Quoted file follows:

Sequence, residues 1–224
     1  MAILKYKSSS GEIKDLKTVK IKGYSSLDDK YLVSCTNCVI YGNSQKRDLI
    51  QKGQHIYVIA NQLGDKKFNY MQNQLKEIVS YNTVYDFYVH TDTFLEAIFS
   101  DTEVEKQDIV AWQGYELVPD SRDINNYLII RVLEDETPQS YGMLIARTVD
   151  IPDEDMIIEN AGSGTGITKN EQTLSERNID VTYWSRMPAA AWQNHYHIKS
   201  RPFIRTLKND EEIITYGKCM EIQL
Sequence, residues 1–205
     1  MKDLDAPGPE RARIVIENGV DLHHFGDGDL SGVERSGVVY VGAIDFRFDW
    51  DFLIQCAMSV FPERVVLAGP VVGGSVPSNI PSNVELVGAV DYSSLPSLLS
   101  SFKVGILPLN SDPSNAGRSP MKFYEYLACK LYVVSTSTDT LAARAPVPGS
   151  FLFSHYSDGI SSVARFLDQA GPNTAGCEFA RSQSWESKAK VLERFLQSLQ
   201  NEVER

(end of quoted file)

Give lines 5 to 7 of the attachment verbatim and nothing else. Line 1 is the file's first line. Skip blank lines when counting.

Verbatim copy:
   151  IPDEDMIIEN AGSGTGITKN EQTLSERNID VTYWSRMPAA AWQNHYHIKS
   201  RPFIRTLKND EEIITYGKCM EIQL
Sequence, residues 1–205